Chapter Three: Oral Memory
•    No way to verify the correctness of oral texts unless recited with someone
•    Twentieth Century bards: don’t repeat the same thing twice, but instead use the standard formulas in connection with standard themes
•    When retelling a story, it’s a recitation of themes and formulas variously built
o    (Joni: “Paint a Starry Night again, man!”)
•    When demand for printed book declines, presses stop but books remain (residue)
o    When market for oral genealogy disappears, so does the genealogy itself
•    Oral Memory: high somatic component
Chapter Four: Writing Restructures Consciousness
•    Writing has established autonomous or context-free discourse: detached from author
•    Plato: Phaedrus: “Writing is inhuman, pretending to establish outside the mind what in reality can only be in the mind”
o    Weaken the mind and memory
•    “Writing is passive.  So are computers.”
•    Idea/form is visually based
•    Oral: natural
•    Writing: artificial
•    Writing as leaving a mark (i.e. animal waste)
o    Development of coded system for exactness
•    Writing was/is most momentous of all technological inventions
•    The alphabet represents sound as a thing
•    High literacy = truly written composition = precisely a text
•    Orality knows no lists, charts, or figures
•    Texts assimilate utterance to the human body
•    Writing is an imitation of talking (diary = talking to myself)
•    “Art” of rhetoric, though concerned with oral speech, is a product of writing
78: “What functionally literate human beings really are: beings whose thought processes do not grow out of simply natural powers but out of these powers as structured, directly or indirectly, but the technology of writing.”
81: “Intelligence is relentlessly reflexive, so that even the external tools that it uses to implement its workings become ‘internalized,’ that is, part of its own reflexive process.”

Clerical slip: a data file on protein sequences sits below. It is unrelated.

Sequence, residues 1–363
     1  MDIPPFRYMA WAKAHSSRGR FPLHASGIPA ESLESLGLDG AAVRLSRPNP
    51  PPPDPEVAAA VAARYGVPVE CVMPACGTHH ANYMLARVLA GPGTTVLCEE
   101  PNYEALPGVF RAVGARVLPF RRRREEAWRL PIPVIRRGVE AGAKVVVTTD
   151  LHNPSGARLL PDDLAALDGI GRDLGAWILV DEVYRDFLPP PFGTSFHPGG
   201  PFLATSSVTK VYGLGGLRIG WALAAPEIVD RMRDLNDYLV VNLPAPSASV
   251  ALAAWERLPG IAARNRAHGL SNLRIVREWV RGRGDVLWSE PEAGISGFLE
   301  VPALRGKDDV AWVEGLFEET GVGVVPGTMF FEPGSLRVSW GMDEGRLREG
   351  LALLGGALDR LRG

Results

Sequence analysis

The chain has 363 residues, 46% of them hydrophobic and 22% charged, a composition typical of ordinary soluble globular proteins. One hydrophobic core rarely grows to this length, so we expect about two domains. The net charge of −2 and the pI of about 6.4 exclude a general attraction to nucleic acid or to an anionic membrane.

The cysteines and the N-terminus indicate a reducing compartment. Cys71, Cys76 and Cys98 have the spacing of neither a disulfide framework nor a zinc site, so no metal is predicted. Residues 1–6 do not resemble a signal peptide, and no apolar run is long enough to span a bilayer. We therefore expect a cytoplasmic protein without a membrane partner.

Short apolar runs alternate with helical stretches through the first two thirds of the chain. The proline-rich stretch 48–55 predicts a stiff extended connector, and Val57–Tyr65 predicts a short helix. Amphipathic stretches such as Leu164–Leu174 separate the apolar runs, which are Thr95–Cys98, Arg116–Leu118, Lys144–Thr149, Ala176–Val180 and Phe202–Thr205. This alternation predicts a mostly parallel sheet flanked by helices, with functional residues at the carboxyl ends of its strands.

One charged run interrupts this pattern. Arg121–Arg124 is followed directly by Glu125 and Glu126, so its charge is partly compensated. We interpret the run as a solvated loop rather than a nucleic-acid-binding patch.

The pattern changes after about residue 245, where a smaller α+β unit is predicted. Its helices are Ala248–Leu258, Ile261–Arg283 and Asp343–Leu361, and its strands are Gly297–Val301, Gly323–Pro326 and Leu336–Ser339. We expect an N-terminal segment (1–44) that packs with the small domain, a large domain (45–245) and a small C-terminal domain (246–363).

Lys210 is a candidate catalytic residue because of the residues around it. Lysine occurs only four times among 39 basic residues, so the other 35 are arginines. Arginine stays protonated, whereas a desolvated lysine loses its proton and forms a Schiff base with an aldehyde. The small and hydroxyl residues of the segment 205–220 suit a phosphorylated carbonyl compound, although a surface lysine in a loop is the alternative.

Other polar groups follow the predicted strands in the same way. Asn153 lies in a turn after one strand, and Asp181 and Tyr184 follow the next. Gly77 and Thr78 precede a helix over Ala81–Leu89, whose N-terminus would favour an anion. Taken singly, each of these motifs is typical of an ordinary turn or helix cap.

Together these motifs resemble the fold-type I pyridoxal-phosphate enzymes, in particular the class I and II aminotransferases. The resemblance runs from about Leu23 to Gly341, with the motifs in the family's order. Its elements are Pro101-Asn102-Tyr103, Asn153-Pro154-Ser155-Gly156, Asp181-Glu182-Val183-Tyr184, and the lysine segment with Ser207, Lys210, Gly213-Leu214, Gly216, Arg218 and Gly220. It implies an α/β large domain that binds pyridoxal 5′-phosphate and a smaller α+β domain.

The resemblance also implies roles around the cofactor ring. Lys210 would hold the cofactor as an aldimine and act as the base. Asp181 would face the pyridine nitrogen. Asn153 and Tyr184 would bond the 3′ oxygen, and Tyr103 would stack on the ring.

91: “For the alphabet operates more directly on sound as sound than the other scripts, reducing sounds directly to spatial equivalents, and in smaller, more analytic, more manageable units that a syllabary: instead of one symbol for the sounds ba, your have two, b plus a.”
105: “By separating the knower from the known, writing makes possible increasingly articulate introspectivity, opening the psyche as never before not only to the external objective world quite distinct from itself but also to the interior self against whom the objective world is set.”
110-1: “From at least the time of Quintilian, loci communes was taken in two different senses.  First it referred to the ‘seats’ of arguments, considered as abstract ‘headings’ in today’s parlance, such as definition, cause, effect, opposites, likenesses, and so on. […]  Secondly, loci communes or commonplaces referred to collections of sayings (in effect, formulas) on various topics – such as loyalty, decadence, friendship, or whatever – that could be worked into one’s own speech-making or writing.  In this sense the loci communes can be styled ‘cumulative commonplaces.’
Chapter 7: Some theorems
•    Barthes: meaning of text is outside, in the reader
•    Derrida: writing isn’t a supplement to the written word, but a different performance altogether
o    In this way, Derrida aligns with McLuhan
•    Language and thought for the Greeks grew out of memory


Gee’s What Video Games Have to Teach Us about Learning and Literacy

James Paul Gee, What Video Games Have to Teach Us about Learning and Literacy
Area: Digital Media
Chapter 1: Introduction: 36 Ways to Learn a Video Game
•    Book Deals with learners/players embedded in a material and social world
•    8: Three important areas of current research:
o    “One of these areas is work on ‘situated cognition’ (i.e. thinking as tied to a body that has experiences in the world).  This work argues that human learning is not just a matter of what foes on inside people’s heads but is fully embedded in (situated within) a material, social, and cultural world.”
o    “Another one of these areas is the so-called New Literacy Studies, a body of work that argues that reading and writing should be viewed not only as mental achievements going on inside people’s heads but also as social and cultural practices with economic, historical, and political implications.”
o    “The third area is work on so-called connectionism, a view that stresses the ways in which human beings are powerful pattern-recognizers.  This body of work argues that humans don’t often think best when they attempts to reason via logic and general abstract principles detached from experience.  Rather, they think best when they reason on the basis of patterns they have picked up through their actual experiences in the world, patterns that, over time, can become generalized but that are still rooted in specific areas of experience.”